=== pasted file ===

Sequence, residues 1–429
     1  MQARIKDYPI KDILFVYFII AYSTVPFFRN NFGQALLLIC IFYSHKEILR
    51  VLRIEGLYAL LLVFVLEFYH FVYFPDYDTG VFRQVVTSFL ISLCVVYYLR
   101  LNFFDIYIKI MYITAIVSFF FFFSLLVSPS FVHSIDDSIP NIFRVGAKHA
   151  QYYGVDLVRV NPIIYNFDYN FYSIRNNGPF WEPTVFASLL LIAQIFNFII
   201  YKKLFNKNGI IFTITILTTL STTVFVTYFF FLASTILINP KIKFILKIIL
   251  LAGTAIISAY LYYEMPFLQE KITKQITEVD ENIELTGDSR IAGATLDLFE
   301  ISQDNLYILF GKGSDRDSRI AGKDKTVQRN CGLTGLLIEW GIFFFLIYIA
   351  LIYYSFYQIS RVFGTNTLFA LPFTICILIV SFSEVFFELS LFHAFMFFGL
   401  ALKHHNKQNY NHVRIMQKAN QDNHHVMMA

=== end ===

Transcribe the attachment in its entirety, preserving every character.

Sequence, residues 1–429
     1  MQARIKDYPI KDILFVYFII AYSTVPFFRN NFGQALLLIC IFYSHKEILR
    51  VLRIEGLYAL LLVFVLEFYH FVYFPDYDTG VFRQVVTSFL ISLCVVYYLR
   101  LNFFDIYIKI MYITAIVSFF FFFSLLVSPS FVHSIDDSIP NIFRVGAKHA
   151  QYYGVDLVRV NPIIYNFDYN FYSIRNNGPF WEPTVFASLL LIAQIFNFII
   201  YKKLFNKNGI IFTITILTTL STTVFVTYFF FLASTILINP KIKFILKIIL
   251  LAGTAIISAY LYYEMPFLQE KITKQITEVD ENIELTGDSR IAGATLDLFE
   301  ISQDNLYILF GKGSDRDSRI AGKDKTVQRN CGLTGLLIEW GIFFFLIYIA
   351  LIYYSFYQIS RVFGTNTLFA LPFTICILIV SFSEVFFELS LFHAFMFFGL
   401  ALKHHNKQNY NHVRIMQKAN QDNHHVMMA